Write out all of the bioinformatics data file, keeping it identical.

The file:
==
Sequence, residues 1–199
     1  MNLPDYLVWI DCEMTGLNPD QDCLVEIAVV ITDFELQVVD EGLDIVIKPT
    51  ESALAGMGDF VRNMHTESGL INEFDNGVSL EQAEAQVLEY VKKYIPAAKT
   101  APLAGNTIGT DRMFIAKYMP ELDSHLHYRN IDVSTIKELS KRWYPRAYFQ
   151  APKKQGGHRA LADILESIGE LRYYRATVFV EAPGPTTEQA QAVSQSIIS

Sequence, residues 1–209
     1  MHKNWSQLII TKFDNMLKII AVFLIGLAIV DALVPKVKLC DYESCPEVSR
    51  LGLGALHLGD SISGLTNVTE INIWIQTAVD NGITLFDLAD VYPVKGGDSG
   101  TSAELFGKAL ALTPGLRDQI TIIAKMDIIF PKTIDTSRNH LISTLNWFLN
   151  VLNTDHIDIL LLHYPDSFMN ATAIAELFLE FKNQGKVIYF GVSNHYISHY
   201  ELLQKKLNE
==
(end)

Sequence, residues 1–199
     1  MNLPDYLVWI DCEMTGLNPD QDCLVEIAVV ITDFELQVVD EGLDIVIKPT
    51  ESALAGMGDF VRNMHTESGL INEFDNGVSL EQAEAQVLEY VKKYIPAAKT
   101  APLAGNTIGT DRMFIAKYMP ELDSHLHYRN IDVSTIKELS KRWYPRAYFQ
   151  APKKQGGHRA LADILESIGE LRYYRATVFV EAPGPTTEQA QAVSQSIIS

Sequence, residues 1–209
     1  MHKNWSQLII TKFDNMLKII AVFLIGLAIV DALVPKVKLC DYESCPEVSR
    51  LGLGALHLGD SISGLTNVTE INIWIQTAVD NGITLFDLAD VYPVKGGDSG
   101  TSAELFGKAL ALTPGLRDQI TIIAKMDIIF PKTIDTSRNH LISTLNWFLN
   151  VLNTDHIDIL LLHYPDSFMN ATAIAELFLE FKNQGKVIYF GVSNHYISHY
   201  ELLQKKLNE